T3.5: 9 of 9

Short-cut Tables

Finally, notice that the Logic Café will let you get away with short-cut truth tables! At least some of the time. When can you do a short-cut table? An incomplete table is acceptable exactly when it includes enough rows to prove your case.

For instance, to prove that a set of sentences is consistent, all you need is one row in which all sentences of the set are true. An example of this occurred in the exercise you just finished: the following table was enough for exercise 3!

3.5ex IV 3:
 A B C [A > B] , [B > C] , [A > C] T T T T T F T F T T F F F T T F T F F F T F F F

All you need to do here is the first row – that row proves that all three sentences can be true together. So, the set is logically consistent.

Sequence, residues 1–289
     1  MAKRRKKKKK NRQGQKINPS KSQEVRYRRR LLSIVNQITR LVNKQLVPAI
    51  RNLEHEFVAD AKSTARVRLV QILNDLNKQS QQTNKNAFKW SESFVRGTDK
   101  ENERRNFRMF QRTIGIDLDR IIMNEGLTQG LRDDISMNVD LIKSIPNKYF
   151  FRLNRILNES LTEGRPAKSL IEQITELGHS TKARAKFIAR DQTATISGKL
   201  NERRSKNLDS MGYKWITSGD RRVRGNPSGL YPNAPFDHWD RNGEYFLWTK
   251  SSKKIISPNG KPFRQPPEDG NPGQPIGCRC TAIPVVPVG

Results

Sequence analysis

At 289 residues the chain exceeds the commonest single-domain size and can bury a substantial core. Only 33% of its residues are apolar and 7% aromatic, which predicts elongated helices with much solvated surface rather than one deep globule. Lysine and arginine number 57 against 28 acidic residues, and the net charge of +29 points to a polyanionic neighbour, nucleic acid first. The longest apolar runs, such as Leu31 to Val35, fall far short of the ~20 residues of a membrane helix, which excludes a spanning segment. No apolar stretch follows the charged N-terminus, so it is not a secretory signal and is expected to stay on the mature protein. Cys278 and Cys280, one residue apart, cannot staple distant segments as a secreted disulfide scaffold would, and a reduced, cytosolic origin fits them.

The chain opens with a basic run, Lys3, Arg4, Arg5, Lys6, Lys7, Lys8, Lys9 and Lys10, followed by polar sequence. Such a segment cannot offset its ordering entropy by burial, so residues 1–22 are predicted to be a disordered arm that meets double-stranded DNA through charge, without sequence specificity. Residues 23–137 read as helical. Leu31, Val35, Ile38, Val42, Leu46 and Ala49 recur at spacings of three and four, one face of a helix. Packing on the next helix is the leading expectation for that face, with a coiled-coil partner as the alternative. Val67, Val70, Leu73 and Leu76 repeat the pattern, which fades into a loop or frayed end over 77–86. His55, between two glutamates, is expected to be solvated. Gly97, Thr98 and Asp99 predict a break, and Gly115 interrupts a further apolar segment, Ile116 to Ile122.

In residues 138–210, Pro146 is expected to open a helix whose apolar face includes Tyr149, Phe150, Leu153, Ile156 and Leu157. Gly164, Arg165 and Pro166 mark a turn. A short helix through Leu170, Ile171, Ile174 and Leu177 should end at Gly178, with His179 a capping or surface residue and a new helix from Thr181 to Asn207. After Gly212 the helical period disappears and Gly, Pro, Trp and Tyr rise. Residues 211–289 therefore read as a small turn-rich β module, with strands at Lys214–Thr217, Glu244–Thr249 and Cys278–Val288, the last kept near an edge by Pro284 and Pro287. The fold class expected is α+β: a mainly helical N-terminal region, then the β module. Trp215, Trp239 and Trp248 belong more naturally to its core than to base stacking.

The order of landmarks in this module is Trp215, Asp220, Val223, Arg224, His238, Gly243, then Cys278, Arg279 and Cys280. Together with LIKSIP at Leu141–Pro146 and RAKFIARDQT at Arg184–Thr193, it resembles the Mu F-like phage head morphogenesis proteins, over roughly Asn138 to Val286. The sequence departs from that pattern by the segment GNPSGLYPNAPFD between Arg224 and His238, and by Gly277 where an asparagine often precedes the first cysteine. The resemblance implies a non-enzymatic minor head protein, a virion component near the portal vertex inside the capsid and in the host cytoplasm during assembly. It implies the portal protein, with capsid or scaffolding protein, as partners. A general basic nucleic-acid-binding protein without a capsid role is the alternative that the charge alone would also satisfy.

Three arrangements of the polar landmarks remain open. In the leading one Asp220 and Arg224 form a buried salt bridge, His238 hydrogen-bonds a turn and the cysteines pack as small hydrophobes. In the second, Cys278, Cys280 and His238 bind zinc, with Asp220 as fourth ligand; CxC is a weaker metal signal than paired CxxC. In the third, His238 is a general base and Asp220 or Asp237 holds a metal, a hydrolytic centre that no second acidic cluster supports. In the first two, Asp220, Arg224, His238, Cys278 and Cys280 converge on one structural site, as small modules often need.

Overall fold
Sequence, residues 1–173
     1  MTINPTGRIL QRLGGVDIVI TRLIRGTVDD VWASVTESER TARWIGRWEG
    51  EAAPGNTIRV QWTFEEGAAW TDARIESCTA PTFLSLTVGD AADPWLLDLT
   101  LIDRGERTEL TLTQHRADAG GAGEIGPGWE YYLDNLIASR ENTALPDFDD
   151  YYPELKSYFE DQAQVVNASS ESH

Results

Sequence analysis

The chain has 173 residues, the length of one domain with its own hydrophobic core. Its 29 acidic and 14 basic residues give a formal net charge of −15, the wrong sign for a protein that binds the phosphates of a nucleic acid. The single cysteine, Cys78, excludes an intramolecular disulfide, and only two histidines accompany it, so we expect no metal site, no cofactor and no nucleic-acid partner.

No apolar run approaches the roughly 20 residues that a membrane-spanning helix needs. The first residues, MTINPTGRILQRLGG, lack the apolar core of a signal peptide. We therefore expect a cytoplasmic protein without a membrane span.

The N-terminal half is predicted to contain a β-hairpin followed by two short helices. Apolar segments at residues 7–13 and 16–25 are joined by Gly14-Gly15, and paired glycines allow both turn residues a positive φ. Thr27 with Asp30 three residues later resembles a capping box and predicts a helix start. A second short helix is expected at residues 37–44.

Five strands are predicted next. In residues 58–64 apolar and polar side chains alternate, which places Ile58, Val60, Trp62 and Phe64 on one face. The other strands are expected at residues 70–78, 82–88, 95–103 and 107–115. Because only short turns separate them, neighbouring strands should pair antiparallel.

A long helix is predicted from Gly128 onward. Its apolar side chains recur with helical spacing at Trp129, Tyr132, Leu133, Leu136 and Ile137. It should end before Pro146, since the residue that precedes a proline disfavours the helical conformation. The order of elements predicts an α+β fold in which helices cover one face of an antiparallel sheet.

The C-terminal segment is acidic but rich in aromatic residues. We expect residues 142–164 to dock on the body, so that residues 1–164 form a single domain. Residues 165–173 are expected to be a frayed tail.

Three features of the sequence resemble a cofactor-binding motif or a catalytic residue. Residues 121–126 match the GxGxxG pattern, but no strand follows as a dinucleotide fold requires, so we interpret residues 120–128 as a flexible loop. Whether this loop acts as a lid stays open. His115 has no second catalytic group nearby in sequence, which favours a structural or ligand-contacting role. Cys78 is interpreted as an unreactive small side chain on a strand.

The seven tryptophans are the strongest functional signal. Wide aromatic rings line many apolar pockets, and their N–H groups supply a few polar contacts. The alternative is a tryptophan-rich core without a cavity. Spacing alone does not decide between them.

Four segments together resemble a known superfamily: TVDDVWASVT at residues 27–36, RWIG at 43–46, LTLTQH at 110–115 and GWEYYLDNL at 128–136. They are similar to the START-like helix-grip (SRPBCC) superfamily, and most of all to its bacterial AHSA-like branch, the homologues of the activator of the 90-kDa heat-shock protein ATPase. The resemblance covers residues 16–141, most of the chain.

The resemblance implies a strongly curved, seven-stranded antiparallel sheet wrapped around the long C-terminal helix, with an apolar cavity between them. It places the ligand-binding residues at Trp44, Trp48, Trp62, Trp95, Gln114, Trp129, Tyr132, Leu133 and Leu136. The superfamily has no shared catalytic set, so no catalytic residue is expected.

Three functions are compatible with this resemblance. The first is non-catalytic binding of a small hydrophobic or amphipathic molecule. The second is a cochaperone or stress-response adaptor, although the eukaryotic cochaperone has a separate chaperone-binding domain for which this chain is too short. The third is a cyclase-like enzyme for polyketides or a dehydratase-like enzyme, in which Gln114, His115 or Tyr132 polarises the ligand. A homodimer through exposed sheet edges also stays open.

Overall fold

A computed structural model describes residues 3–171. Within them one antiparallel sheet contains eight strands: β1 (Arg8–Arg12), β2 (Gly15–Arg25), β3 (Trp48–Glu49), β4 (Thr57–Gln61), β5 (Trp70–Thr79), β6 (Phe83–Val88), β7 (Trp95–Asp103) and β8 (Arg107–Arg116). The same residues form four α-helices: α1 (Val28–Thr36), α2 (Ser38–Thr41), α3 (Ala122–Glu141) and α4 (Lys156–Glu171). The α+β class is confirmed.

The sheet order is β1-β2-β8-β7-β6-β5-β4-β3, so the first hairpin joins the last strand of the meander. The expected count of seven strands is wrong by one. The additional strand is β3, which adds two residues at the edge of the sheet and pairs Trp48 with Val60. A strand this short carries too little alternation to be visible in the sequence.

If you notice that you can fully prove your case with such a "short-cut" table, go ahead and submit it. If you are unsure, you may submit it to see if you've done enough, or (especially on an exam!) you may just go ahead and do the whole table. This latter will never hurt!

Now, think about testing for other properties. Will you ever be able to do a short-cut table to show and argument is valid? invalid? a pair of sentences are equivalent in SL? inequivalent in SL? Think about these questions by consulting the definitions for the terms involved – again, if a single row proves your point, then that's all you need to do.